Scott Karl College Planning Fresno Serving Clients Throughout California

It is easy for textbooks to get lost in the shuffle of college financial preparations.

After all, when compared to $40,000 in tuition or $10,000 in room and board costs, buying a few books may seem less significant.

But when we take a step back into the real world and reflect, paying nearly $1,000 for one semester of books seems like a travesty!

So while textbooks may be on a smaller scale than other aspects of your collegiate finances, knowing the ins and outs of textbook buying can save you a considerable amount of cash and frustration.

Paying for Textbooks: How to Keep the Costs Low

Just about anything you can buy online these days can be compared with retailers, re-sellers, or with private sellers all over the world and within minutes.

The internet has been equally generous to college students, who for years were forced to buy textbooks at marked-up retail prices from college book stores.

Selling back one’s used textbooks to the book store helped make this monopoly bearable, but students often faced a crisis of devaluation.
For example, that coffee stain on page 9 made your $120 history book suddenly worth $10, and they wouldn’t even take the $150 chemistry book because “the new edition is coming out soon.”

These days, though, while most other aspects of our financial lives have become complicated and overwhelming, buying and selling textbooks has become a relatively reasonable and extremely manageable experience.

If money is not an issue and your main concern is convenience or timing, then, by all means, buy your books at the college book store.
But if you are looking to save as much money as possible, here are some very reliable alternatives.

There are numerous websites out there devoted to buying and selling textbooks. They are the best way to pair buyers and sellers on a large scale and, as such, often provide you with the most options in terms of price and condition.

Major online sellers like Amazon and eBay also offer sections for textbooks where you can look through hundreds of options for each book to find the price and condition that is right for you (often with the cheapest shipping costs).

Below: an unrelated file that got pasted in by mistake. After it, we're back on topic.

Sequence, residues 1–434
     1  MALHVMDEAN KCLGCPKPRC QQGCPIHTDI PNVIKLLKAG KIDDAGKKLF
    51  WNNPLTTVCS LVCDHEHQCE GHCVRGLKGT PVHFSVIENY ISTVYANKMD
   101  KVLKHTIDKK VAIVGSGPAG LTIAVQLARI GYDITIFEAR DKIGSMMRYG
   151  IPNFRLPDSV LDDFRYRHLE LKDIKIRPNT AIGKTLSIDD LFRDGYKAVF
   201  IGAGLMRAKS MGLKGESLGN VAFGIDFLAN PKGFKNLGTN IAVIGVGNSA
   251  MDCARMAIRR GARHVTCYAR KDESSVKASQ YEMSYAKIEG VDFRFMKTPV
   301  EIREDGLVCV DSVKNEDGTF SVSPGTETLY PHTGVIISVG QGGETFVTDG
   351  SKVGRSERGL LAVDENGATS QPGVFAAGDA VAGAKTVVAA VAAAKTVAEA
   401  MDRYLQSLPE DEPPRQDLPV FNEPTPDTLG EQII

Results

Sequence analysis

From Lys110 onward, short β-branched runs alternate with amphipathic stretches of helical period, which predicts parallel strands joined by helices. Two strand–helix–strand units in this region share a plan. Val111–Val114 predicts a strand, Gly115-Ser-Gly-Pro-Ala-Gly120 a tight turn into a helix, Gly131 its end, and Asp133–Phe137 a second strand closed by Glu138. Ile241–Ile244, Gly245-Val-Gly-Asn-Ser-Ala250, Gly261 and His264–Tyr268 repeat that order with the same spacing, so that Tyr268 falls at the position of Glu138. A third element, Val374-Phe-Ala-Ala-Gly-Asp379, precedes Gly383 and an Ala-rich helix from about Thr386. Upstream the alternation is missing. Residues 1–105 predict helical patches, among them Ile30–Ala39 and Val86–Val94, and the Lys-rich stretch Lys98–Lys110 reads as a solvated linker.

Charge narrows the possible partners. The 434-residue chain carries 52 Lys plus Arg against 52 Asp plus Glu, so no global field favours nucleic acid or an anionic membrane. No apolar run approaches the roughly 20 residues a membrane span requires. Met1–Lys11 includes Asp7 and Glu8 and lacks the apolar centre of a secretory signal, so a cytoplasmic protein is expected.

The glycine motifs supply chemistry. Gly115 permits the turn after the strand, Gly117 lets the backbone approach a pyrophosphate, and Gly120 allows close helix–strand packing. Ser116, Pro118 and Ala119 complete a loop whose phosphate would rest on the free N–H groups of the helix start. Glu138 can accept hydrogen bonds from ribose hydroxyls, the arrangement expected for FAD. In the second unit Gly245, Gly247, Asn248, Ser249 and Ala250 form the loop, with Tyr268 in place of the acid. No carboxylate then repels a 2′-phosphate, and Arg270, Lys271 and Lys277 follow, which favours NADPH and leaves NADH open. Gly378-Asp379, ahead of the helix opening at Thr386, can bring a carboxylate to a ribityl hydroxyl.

Used books will usually give you the best bang for your buck, but be aware that your book will probably not come in pristine condition. It may have rips, stains, highlighter marks, and more. But it will also save you a ton of money. Just plan ahead since you will have to wait for it to arrive.

These retailers give you the best chance to get your books at the lowest price, whether you are buying new or used. Just be sure to research the site ahead of time and avoid buying from sellers who have received poor reviews or feedback.

Many students are also starting to utilize textbook rental services where you rent your book for the semester at about half the cost of buying it and return it when you’re done with the class. You will save on the upfront cost, but remember you will not be able to sell it and get any money back later.
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If technology isn’t your thing, or you want to buy your books in person, other ways to cut down on textbook costs include:

• Buying used books directly from other students (schools often have Facebook pages or campus-wide message boards for private textbook sales)

• Sharing books with other students in your class

• Trying to check-out the required textbook from your library

The library can be risky, however, since there will be limited copies and, most likely, a limit on how long you can keep it.

When it comes to getting the highest return on your textbooks at the end of the semester, the internet, once again, is usually the best option.

Copious amounts of sellers, such as Amazon, offer textbook buyback programs which will pay far more for your used books than the college book store will.

You can also choose to sell them privately online or to your classmates. By selling them at marked down prices, you will still get more money back than the bookstore will give, and you will also help fellow students save.

Textbook trading is another excellent option, often facilitated by the schools themselves. Ask around and see if such an option exists at your college.

Whichever route you choose, doing some research and shopping around (especially online) will most assuredly save you a ton of money when you buy, and pay you the most when you sell your textbooks.